October 18, 2017 3 min read
The Bifidobacterium species are the bacteria mostly found in the gastrointestinal tract (GIT) and vagina. In the colon, Bifidobacterium longum works by fermenting sugars into lactic acid. This helps to regulate and lower the pH of the gut and intestines.
B. longum is a non-motile, anaerobe bacterium, which simply means it doesn’t create spores and cannot travel ‘freely’ within the body. B. longum also grows and develops best in environments with low amounts of oxygen.
Most strains of Bifidobacterium are naturally present in fermented dairy foods such as yogurt. It’s also abundant in fermented vegetables such as sauerkraut and kimchi. For convenience, it can also be taken in supplement form.
Being a rather versatile probiotic, Bifidobacterium longum is able to survive harsh conditions in the gut. Unlike some probiotics, it isn’t affected by stomach acid, bile, pH fluctuations or the passage through the gastrointestinal tract. Instead, it supports the gut by adhering to the lining of the intestines right through to the colon.
Strains of Bifidobacterium longum are most commonly found in babies and children, usually after being transmitted from the mother during natural birth and breastfeed. Children born via Caesarean or fed on formula may lack this important bacterium. Supplementation in this case is highly recommended as colonization of B. longum can play a major role in the development of the gastrointestinal system for the rest of their life.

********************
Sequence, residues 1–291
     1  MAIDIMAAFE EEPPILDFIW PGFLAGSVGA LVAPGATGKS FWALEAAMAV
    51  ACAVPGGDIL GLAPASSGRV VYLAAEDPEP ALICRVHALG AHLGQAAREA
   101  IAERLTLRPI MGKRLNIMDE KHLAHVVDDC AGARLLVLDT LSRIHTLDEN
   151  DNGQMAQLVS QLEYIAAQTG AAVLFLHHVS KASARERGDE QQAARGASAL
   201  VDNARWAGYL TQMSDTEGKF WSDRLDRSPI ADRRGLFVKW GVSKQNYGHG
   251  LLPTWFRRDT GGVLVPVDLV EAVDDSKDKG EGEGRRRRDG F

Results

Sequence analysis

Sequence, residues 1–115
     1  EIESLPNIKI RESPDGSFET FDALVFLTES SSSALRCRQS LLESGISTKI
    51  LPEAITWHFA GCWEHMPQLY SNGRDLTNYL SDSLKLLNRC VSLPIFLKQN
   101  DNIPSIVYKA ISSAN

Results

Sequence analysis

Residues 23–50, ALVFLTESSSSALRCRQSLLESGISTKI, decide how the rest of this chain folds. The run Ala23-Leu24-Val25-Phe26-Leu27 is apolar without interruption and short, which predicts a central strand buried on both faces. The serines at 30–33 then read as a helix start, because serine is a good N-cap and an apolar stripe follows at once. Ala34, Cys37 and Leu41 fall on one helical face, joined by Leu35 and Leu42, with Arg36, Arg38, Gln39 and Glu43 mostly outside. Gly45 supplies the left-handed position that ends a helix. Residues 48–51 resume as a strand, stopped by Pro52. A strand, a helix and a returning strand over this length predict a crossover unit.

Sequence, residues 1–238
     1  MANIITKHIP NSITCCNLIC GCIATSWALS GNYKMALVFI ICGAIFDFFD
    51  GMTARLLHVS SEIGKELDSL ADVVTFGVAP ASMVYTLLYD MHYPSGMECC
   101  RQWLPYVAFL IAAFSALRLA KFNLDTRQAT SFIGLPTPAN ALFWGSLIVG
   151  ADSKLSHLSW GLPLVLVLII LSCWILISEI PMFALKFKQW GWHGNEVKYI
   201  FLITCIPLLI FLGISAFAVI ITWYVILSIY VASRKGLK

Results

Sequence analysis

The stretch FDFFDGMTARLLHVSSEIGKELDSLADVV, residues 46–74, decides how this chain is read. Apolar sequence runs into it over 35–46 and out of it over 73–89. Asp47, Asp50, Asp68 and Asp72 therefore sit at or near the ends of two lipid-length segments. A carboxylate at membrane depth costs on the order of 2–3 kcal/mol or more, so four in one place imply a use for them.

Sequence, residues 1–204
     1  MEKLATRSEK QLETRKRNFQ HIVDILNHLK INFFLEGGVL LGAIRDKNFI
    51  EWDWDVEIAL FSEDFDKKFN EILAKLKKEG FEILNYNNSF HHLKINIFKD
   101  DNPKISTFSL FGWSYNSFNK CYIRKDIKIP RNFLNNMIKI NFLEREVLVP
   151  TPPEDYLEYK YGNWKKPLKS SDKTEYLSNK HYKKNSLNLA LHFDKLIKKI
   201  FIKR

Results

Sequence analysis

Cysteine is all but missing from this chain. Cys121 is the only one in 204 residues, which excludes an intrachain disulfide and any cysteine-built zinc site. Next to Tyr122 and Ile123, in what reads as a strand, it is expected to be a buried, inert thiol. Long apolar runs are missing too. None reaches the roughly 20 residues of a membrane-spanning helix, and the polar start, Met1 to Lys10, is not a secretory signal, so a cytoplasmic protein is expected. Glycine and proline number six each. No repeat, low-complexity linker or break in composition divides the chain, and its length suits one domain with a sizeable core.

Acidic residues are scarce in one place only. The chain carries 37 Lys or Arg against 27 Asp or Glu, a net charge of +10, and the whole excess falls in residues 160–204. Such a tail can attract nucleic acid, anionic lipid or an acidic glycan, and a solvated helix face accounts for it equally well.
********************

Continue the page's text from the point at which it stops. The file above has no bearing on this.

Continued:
Studies have shown that B. longum has a powerful effect on the immune system, helping to strengthen the body’s defenses against harmful pathogens. In infants, B. longum has been shown to activate the anti-poliovirus response, as well as improving their resistance to respiratory tract infections. B. longum is particularly important for older people, with evidence that it boosts the immune systems of the elderly.
When tested in mice infected with influenza, B. longum was found to improve their symptoms and reduce their mortality, as well as reducing inflammation in the lower respiratory tract.
Bifidobacterium longum is an excellent treatment for digestive issues such as lactose intolerance. It helps to break down most sugars in food, including lactose.
Bifidobacterium longum has also been shown to help prevent constipation, reduce inflammation caused by certain bowel conditions, prevent high cholesterol levels and help prevent the development of certain allergies.
Those with ulcerative colitis, Irritable Bowel Syndrome or E. coli have found relief with B. longum supplementation. It helps to reduce intestinal inflammation and has been reported to provide relief from IBS symptoms without the negative side effects of pharmaceutical medications. Patients say it reduces their abdominal pain and discomfort, bloating and distention, as well as easing bowel movements.
Some studies even suggest that it helps in metabolizing fats, which has associated B. longum supplementation with better cholesterol levels. One study showed that B. longum reduced total cholesterol, especially in people with moderate hypercholesterolemia. It also helped to reduce liver lipid deposition and adipocyte size, and improved liver and kidney function in rats with hypercholesterolemia.
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